The exhortation to “enlist” wasn’t as dramatic as that of the famous “I Want You” poster featuring a red-, white-, and blue-clad Uncle Sam, but William Koob, 71, a seaman’s apprentice in the early 1960s, found the call almost as compelling. Koob, a bank auditor, was semi-retired and working at the VA Connecticut Healthcare System campus in West Haven when he heard about an initiative called the Million Veteran Program (MVP).

Launched by the Department of Veterans Affairs in 2011 and co-directed by a Yale faculty member and a School of Medicine alumnus, the MVP hopes to recruit a million veterans over the next five to seven years. Genetic information and electronic health histories of that “mega-cohort” of vets will reside in an enormous biobank for scientists and clinicians exploring the connections among genes, the environment, military service, and disease.

To date, said John Concato, M.D., M.S., M.P.H. ’91, professor of medicine and one of the project’s two principal investigators, nearly 350,000 veterans have signed up. Koob was one of them.

“All MVP required was giving a blood sample, allowing my VA health record to be accessed, and filling out health questionnaires—and I quickly realized how valuable this information could be,” said Koob. “It was another opportunity to serve, and I was happy to contribute.”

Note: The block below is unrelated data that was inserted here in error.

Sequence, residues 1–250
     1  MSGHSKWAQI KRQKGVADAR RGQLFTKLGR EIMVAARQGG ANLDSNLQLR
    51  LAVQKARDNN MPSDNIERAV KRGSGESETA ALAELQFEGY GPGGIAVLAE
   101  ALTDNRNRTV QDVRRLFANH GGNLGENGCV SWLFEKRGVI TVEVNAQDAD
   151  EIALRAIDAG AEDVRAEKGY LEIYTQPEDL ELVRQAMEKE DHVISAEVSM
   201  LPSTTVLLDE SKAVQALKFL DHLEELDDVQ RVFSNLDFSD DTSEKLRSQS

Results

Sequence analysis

The project, it turns out, is not the only endeavor looking for a million good men and women. As part of his 2016 budget, President Barack Obama announced in January that he wanted to invest $215 million to create the Precision Medicine Initiative (PMI): a massive biobank—compiled from both emerging and existing databases (possibly including data from the MVP)—of genetic information and electronic medical records of a representative sample of U.S. citizens, a million strong. The PMI, said the president, could “lay a foundation for a new era of lifesaving discoveries.” (Richard P. Lifton, M.D., Ph.D., chair and Sterling Professor of Genetics, has been named co-director of the PMI.)

The president’s initiative, if funded, would allow researchers to cull genetic secrets about the origin and development of physical and mental disorders—insights that might lead to more custom-tailored and cost-effective treatments, particularly for cancer. The MVP, while its goals are similar, is targeted toward a more specific population—a group whose “can do” attitude and eagerness to enlist is typical, said Concato, who directs the VA’s Clinical Epidemiology Research Center in West Haven and has conducted extensive research on prostate cancer epidemiology and screening. “When you consider that this project is not going to benefit any of the participants directly,” he said, “their altruism is very impressive.”